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Theater review: Webber’s ‘Cats’ displays visual excellence mired in plot confusion

(Courtesy of Matthew Murphy)


Through March 24

Hollywood Pantages Theatre

Prices Vary

By Jordan Holman

Feb. 28, 2019 4:56 p.m.

It’s pitch black. Not a sound can be heard when flickering lights suddenly illuminate the historical Hollywood Pantages Theatre.

The mysterious dots grow across the auditorium. Performers donning frighteningly realistic cat costumes appear in the aisles, creeping slowly onto the stage. The theater is flooded in a technicolor splendor of neon lights, revealing a once vacant alleyway that is now teeming with life.

A jumbled story of ambition and identity, Andrew Lloyd Webber’s “Cats,” running from Wednesday to March 24, is a dazzling display of feline frenzy. The musical introduces several so-called Jellicle cats living in a dingy junkyard who meet up once a year to celebrate their distinctive identity. While the cats seem to live rather disreputable lives, their personalities are each eccentric and unconventional. The premise of “Cats,” while seemingly quite simple, is riddled with complex storylines, making the oversaturated plot difficult to follow.

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The makeup and costumes, however, are eye-catching. Dark oranges hues and elaborate stripes cover practically every inch of the characters’ bodies, and multicolored wigs can be spotted even from the back of the theater. Mr. Mistoffelees’ (Tion Gaston) bedazzled blazer is the perfect representation of the designers’ obvious attention to detail. Donned with color-changing lights, this character’s flashy personality is captured by his effervescent clothing.

The production’s most impressive features were the technical elements of design, lighting and sound. During scenes of high intensity and drama, dizzying light and dark crossfades appeared on the stage in rapid succession. String lights constantly changed color depending on the mood of the piece. When Mr. Mistoffelees takes the stage, the theater is transformed into an astonishing light show that flashes to the beat of the music. As the cat passionately executes fouettes across the stage, a spotlight shines directly on him and his sparkling costume. Such performances manage to distract, at least for a moment, from the lack of cohesion elsewhere.

The first musical number, “Invitation to the Jellicle Ball,” is performed by a large ensemble of cats dressed in these creative costumes. The dance routine is sultry and sleek, evoking an intriguing sense of both danger and mystery. Elegant jumps and catlike crawls are performed in harmonious unison, uniting the cast members and highlighting the cats’ collective power, strengthening the theme of togetherness.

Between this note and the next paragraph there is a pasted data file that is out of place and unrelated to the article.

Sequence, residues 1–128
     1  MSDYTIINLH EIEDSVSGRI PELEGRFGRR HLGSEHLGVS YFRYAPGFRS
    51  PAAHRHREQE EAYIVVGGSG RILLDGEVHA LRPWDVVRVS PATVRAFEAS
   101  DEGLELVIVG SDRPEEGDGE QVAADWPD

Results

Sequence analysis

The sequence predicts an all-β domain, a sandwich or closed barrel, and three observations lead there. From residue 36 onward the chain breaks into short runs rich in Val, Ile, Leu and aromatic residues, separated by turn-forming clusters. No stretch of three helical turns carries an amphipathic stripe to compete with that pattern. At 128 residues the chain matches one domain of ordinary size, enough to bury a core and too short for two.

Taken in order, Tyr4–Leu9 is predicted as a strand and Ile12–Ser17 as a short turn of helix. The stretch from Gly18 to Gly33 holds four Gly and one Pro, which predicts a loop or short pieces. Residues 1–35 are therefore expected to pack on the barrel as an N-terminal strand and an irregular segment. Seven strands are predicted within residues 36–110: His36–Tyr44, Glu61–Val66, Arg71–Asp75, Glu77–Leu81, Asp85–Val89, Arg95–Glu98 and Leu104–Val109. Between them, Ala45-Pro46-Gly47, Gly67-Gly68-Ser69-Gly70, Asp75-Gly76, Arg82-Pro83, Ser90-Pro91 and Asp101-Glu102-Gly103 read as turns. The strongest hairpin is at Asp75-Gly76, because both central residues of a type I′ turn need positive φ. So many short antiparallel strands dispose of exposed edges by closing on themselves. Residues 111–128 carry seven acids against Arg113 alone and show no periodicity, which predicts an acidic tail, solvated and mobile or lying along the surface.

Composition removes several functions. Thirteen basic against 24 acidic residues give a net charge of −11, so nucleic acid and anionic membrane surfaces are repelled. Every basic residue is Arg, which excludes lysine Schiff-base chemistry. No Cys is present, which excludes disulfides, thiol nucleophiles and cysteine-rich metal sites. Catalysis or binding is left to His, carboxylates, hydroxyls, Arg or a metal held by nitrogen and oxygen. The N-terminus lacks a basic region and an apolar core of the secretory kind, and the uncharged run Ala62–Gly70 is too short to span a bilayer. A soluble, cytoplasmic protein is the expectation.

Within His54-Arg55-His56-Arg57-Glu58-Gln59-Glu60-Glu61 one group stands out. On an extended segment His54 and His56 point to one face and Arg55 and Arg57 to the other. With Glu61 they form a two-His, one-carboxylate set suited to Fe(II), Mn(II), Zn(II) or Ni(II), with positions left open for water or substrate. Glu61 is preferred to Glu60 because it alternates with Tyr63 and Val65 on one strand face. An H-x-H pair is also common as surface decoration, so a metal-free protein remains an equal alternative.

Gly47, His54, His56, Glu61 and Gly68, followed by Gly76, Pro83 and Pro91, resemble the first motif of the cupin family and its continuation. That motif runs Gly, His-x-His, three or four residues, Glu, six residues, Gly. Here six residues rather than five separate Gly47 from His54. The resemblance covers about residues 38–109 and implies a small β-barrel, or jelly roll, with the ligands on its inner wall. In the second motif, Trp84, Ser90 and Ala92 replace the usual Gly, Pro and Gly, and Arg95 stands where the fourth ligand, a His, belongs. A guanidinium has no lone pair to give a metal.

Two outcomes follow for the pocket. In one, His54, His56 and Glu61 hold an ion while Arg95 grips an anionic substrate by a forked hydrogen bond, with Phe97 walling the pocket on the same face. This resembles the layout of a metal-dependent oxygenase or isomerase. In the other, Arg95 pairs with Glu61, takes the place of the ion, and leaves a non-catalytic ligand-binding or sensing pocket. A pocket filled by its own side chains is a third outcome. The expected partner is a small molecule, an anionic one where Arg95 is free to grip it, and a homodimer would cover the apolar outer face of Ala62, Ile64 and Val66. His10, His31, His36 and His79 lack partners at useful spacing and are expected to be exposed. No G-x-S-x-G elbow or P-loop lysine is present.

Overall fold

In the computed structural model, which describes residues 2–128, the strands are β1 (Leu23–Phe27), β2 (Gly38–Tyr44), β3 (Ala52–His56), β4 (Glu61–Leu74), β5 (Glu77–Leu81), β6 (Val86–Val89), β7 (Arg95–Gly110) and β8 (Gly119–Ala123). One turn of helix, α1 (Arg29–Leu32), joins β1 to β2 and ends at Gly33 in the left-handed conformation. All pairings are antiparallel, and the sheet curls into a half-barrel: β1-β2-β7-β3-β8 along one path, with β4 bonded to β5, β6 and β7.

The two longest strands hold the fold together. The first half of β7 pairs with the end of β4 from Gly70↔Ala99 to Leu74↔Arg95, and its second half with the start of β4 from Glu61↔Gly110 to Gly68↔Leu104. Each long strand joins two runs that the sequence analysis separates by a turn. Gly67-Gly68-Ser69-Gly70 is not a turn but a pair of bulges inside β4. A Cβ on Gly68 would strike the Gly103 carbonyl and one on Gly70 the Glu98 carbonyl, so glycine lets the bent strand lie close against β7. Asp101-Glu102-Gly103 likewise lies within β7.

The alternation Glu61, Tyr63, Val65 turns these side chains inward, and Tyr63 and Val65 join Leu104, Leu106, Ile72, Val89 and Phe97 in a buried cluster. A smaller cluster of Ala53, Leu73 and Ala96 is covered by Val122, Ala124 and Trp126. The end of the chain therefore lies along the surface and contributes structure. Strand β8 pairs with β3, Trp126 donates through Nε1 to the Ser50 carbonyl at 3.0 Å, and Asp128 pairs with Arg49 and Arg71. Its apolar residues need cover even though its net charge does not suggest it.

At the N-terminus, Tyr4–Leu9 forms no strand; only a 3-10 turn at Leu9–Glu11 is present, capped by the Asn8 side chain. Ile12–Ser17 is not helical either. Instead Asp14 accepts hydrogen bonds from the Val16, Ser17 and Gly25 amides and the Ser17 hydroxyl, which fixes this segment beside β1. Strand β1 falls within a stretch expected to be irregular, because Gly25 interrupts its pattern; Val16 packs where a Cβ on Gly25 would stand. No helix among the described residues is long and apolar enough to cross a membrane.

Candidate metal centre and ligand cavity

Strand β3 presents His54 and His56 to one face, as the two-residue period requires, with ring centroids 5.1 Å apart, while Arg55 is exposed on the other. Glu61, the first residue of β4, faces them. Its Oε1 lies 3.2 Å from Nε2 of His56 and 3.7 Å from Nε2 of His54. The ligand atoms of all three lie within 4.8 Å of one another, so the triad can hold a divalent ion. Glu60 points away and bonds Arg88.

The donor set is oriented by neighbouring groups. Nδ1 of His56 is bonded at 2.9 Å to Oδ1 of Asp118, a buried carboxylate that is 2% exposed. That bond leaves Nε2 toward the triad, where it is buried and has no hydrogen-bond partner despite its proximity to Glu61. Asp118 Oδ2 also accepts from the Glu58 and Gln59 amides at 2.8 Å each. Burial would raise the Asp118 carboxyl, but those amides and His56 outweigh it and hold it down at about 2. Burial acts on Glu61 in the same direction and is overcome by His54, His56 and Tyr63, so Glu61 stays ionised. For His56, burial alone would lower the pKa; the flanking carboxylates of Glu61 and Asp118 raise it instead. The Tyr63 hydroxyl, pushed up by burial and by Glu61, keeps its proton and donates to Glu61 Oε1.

Audiences are then introduced to ridiculous, yet dynamic characters such as the troublemaking duo Mungojerrie (Tony d’Alelio) and Rumpelteazer (Rose Iannaccone) and their sagacious leader Old Deuteronomy (Brandon Michael Nase). The former two’s mischievous nature and the latter’s peacekeeping trope serve only for entertainment purposes. These characters do not add noteworthy panache to the production. They simply reinforce the incoherent plot.

Macavity’s role in the musical does provide a moment of exhilaration, however. Macavity (Tyler John Logan), the elusive criminal, enters the scene, as the Jellicle cats scatter and ponder his imminent return. The search for him is the only steady trend throughout the musical, which overall lacks a sequential plot. Although the story weaves these cats’ lives together, the omission of a unifying concept makes the piece feel almost unfinished. And though the electrifying dances and fantastical elements are impressive, they get lost in the frazzled plot.

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The musical eventually reaches its peak during a palpable performance of “Memory” by Grizabella (Keri René Fuller), a former glamour cat who was shunned by her community. Her high-octane voice provides an emotional depth unmatched by her cast mates, and the song proves to be a moment of transcendence. The audience is engulfed in melancholic desperation, as lyrics about hopelessness and loss of identity vibrate through the theater walls. Grizabella’s gripping performance is the zenith of the cast’s talent and the production’s excitement.

The musical’s jigsawed plot is entangled with a messy series of deviations, intermixed with harmonious dance routines, intricate costumes and dynamic song lyrics – Grizabella’s “Memory” standing out as the production’s No. 1 hit. Unlike most productions with a clear beginning, middle and end, “Cats” veers from the traditional course of action. While undoubtedly creative, it leaves viewers with too many unanswered questions.

The cats’ existence possesses an underlying symbolism for the salvation of humanity and the power of communal identity, but the lack of clarity and cohesion makes that message muddled rather than powerful. However, the mesmerizing effects and design create a spectacle that makes up, at least partially, for the musical’s blemishes. The production design is the glue that holds the piece together.

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Jordan Holman
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